<p>The only way our son has survived with his intellectual curiosity intact is by using CTY every summer and by doing distance courses during most years. This has allowed him to progress faster and do AP's that aren't offered by his HS. He's a senior now and will get out soon--thank God. He has received credit for some of the coursework and not for some--it doesn't much matter to us. On a funny-sad side note, we just discovered that his school refuses him honors credit for a distance course taught by Stanford professors and scored by Johns Hopkins staff because it's not taught by their HS teachers--even sadder when he was the only kid who passed the pretest at the beginning of the couse that followed that one as taught at the school. </p>

<p>Anyway, you see I understand your dilemma. Distance ed and summer programs may well be your answer. This suggestion has absolutely nothing to do with the fact that I teach for these people. I don't teach the courses my son took. And you don't necessarily have to do them all through JHU even though you are in their territory. I found out that we could buy the same computer-base materials they use for some of the courses ourselves for much less cash and forgo the official evals and letterhead. So there are cheap alternatives that will still prepare your child for the AP exams, too.</p>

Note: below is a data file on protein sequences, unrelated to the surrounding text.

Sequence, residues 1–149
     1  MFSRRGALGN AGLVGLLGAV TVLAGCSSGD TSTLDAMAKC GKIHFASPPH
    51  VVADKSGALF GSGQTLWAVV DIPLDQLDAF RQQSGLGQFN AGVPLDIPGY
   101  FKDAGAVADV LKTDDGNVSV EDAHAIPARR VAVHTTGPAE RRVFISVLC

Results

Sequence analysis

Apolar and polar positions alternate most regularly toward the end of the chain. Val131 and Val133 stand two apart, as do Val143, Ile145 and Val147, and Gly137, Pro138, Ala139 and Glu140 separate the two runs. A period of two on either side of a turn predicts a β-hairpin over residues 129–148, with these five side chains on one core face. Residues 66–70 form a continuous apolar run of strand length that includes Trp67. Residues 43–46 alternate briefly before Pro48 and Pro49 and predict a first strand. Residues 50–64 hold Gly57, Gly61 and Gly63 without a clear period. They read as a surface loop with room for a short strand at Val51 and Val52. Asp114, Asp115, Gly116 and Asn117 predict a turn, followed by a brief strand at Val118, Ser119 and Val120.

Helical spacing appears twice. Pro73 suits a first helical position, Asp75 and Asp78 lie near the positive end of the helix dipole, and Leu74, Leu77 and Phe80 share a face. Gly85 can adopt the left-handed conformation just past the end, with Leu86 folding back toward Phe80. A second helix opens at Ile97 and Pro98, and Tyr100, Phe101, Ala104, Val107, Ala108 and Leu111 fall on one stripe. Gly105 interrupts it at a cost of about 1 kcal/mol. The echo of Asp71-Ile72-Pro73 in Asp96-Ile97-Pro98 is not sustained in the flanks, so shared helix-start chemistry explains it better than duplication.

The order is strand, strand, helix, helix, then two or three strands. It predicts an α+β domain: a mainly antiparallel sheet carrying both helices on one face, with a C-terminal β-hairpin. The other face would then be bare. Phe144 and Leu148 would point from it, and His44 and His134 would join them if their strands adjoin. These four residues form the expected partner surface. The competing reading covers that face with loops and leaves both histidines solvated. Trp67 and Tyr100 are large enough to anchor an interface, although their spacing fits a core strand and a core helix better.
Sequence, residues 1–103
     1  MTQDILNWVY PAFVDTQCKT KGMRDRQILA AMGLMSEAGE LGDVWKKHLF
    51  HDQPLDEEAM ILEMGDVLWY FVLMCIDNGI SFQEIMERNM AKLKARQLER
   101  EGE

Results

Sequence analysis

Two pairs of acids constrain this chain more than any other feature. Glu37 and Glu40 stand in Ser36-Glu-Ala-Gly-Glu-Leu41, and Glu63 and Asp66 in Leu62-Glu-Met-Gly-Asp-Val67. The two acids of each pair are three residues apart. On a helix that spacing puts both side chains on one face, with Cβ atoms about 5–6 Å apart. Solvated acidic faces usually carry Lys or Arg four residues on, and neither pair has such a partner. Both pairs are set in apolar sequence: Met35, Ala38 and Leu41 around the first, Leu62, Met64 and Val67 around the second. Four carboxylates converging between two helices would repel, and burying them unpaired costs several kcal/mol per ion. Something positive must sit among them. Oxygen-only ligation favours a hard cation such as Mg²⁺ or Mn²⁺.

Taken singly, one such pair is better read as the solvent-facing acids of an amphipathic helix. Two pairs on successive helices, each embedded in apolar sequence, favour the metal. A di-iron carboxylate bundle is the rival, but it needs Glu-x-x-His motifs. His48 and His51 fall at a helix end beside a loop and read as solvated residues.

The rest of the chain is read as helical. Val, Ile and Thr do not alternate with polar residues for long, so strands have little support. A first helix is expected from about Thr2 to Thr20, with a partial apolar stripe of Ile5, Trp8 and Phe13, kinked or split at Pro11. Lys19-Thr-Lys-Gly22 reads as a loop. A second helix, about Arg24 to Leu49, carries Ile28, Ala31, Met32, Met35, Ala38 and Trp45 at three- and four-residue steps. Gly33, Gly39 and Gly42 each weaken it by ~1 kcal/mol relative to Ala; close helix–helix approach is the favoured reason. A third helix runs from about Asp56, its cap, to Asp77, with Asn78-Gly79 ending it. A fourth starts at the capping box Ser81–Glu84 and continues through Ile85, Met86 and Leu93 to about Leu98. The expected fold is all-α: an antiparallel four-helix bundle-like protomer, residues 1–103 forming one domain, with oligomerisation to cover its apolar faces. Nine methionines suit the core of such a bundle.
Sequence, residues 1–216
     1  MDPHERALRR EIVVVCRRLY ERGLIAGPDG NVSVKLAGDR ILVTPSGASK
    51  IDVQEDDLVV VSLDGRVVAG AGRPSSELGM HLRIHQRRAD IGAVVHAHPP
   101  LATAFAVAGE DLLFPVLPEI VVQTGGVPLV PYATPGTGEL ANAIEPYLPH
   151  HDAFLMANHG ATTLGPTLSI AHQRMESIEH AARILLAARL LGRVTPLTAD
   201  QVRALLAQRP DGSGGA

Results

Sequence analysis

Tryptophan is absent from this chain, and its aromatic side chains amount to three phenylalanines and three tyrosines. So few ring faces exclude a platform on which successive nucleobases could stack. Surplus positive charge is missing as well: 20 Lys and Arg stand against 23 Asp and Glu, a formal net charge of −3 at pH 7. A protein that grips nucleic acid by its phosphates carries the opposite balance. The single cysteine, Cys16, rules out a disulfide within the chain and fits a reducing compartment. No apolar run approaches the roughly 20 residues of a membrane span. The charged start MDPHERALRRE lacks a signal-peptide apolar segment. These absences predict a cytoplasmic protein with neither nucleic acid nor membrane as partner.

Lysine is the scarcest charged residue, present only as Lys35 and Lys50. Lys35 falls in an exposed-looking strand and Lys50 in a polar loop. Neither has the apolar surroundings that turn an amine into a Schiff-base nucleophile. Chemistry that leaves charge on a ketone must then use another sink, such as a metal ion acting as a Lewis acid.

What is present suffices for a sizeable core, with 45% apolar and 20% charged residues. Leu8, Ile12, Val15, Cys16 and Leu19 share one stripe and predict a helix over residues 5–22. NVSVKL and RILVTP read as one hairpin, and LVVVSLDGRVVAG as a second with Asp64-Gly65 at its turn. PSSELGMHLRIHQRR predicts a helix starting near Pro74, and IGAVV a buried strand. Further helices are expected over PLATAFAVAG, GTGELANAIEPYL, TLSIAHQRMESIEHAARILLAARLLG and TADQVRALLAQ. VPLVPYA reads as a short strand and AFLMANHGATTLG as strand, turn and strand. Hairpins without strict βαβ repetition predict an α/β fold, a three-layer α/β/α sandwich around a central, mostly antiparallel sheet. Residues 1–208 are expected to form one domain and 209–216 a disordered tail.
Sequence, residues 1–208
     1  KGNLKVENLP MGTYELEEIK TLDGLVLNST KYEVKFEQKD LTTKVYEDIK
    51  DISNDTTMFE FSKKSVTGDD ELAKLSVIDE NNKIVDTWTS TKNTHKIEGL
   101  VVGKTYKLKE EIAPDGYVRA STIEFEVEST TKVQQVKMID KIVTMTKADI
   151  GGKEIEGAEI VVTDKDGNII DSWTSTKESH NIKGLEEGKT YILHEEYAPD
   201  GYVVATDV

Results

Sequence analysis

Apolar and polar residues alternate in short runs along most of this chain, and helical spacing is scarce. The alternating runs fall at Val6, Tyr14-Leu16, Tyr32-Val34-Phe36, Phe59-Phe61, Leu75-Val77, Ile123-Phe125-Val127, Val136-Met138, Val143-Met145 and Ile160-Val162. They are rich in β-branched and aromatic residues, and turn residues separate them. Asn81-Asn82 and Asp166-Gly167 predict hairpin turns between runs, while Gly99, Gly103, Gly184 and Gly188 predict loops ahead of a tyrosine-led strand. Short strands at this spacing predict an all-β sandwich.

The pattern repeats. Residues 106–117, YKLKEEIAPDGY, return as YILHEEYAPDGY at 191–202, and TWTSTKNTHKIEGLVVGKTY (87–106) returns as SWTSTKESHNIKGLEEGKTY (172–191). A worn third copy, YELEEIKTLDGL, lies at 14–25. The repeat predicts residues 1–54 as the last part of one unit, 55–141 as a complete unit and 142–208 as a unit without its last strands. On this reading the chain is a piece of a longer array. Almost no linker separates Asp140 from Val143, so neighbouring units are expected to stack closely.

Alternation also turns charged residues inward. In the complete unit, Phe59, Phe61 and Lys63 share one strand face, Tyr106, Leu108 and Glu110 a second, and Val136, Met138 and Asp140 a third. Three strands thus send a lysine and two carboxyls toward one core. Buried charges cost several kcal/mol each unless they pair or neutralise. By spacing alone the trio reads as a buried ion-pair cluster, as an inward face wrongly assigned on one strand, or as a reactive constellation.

<p>What is CTY?</p>

<p>Johns Hopkins Univ's Center for Talented Youth. Google them for more info than you probably want. I would prefer not to be perceived as "pimping" for my employer, so I won't elaborate unless you have a specific question or e-mail me. I brought it up not because I work for them but because the program has saved my son from a public school system that was deadening his mind. To be fair, the Catholic school in which he spent five years--which was the only alternative we could afford--was equally poor. Thank God for alternative forms of education for the gifted.</p>